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Autonomy is the capacity for self-government. Agents are autonomous if their actions are truly their own. The necessity of this moral liberty appears in Rousseau, and is a cornerstone of Kant's ethical theory, in which possessing autonomy of the will is a necessary condition of moral agency. The difficulty in the concept is that our desires, choices, and actions are all partly caused by factors outside our control, including those factors originally responsible for our characters. So true autonomy can easily seem to be a myth. Yet the concept is important, since it is plausible to hold that only agents acting autonomously are responsible for their actions. But this idea also leads to quicksands: autonomy is often contrasted with the state of being ‘enslaved’ by bad desires. But if only the autonomous can be held responsible it will quickly follow that nobody is responsible for bad actions. Proposals for defending the concept include describing agents as autonomous when they are under the influence only of reason, when they can identify with the motivations prompting their action, or when they are capable of acting so as to change their motivations if they cannot identify with them. Agents are heteronomous if their will is under the control of another. It should be noted that the pair is not exhaustive: an agent may fail to be autonomous because of external factors that do not include control by another, but only other kinds of constraint and compulsion.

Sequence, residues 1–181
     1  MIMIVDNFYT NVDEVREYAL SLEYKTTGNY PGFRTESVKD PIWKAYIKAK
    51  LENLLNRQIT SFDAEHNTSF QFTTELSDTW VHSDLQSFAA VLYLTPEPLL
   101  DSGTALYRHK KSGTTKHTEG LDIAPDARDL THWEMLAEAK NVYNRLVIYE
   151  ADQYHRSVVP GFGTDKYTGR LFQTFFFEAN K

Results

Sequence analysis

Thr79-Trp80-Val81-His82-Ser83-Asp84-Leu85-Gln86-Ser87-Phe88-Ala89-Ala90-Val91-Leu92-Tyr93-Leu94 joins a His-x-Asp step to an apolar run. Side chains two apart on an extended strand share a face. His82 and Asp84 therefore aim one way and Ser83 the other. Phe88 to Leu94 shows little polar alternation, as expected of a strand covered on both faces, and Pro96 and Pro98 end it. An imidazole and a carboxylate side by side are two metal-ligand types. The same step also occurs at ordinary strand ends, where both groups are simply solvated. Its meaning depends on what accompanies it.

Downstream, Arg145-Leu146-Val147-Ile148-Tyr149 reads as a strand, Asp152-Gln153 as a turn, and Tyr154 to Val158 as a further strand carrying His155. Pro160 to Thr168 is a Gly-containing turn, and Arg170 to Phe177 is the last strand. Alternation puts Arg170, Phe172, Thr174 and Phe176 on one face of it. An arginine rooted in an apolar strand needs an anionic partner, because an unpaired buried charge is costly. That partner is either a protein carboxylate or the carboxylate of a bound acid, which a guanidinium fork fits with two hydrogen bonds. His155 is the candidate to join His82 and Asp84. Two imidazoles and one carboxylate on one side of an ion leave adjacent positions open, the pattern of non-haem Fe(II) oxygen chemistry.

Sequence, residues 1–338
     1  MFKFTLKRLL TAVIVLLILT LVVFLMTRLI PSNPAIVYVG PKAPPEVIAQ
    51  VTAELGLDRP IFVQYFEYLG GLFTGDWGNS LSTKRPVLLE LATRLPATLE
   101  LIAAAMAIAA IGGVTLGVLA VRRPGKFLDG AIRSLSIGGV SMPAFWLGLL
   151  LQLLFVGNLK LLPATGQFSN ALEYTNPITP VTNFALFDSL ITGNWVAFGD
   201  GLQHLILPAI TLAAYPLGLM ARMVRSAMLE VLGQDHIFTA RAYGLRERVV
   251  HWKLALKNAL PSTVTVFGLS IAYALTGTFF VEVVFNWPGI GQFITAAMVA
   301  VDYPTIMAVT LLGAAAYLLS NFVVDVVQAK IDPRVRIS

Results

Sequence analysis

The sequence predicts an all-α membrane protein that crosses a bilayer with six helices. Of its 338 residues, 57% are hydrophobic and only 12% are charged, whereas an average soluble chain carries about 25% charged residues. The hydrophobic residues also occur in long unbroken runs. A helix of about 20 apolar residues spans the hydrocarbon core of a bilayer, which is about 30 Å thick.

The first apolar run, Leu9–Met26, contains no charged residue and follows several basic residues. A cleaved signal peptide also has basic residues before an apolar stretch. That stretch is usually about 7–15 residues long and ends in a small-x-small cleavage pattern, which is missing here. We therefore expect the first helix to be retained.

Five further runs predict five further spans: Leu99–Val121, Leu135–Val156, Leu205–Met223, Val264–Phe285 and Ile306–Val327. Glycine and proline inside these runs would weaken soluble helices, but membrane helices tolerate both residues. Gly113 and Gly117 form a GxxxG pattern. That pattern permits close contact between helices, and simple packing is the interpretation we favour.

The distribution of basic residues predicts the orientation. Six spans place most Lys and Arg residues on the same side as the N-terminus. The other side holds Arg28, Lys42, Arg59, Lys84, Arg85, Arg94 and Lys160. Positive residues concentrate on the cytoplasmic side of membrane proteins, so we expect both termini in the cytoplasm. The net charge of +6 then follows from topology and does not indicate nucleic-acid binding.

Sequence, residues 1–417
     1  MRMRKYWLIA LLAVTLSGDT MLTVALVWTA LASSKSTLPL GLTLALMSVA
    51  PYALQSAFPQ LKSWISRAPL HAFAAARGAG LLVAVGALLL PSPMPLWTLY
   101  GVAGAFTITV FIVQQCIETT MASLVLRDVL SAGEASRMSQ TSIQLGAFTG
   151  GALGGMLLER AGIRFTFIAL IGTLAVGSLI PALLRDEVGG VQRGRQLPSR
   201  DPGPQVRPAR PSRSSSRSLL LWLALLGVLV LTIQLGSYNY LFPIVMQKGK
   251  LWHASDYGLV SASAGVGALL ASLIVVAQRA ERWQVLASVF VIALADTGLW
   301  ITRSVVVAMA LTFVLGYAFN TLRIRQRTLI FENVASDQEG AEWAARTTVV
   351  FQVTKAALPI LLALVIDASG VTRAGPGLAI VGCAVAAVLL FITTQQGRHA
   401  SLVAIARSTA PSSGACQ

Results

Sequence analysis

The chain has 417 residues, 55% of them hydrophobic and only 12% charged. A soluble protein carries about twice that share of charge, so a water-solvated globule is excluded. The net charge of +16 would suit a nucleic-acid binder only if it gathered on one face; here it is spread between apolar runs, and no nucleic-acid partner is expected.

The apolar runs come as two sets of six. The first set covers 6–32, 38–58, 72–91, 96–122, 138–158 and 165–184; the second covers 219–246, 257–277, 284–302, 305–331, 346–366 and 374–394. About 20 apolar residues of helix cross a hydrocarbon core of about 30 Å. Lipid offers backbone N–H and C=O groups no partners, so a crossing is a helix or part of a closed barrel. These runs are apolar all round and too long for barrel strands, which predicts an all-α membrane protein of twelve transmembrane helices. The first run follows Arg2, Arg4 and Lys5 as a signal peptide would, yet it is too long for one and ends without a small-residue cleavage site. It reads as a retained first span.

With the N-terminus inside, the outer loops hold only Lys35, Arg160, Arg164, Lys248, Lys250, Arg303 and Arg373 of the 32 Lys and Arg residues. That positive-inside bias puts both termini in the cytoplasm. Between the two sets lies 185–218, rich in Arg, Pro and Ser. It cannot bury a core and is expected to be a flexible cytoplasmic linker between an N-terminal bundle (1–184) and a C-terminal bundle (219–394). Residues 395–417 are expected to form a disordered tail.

In the ethics of Kant the terms are more specific. Autonomy is the ability to know what morality requires of us, and functions not as freedom to pursue our ends, but as the power of an agent to act on objective and universally valid rules of conduct, certified by reason alone. Heteronomy is the condition of acting on desires, which are not legislated by reason. The centrality of autonomy is challenged by ethical theorists, including many feminists, who see it as a fantasy that masks the social and personal springs of all thought and action. See also authenticity, determinism, free will, libertarianism (metaphysical).

Subjects: Philosophy.

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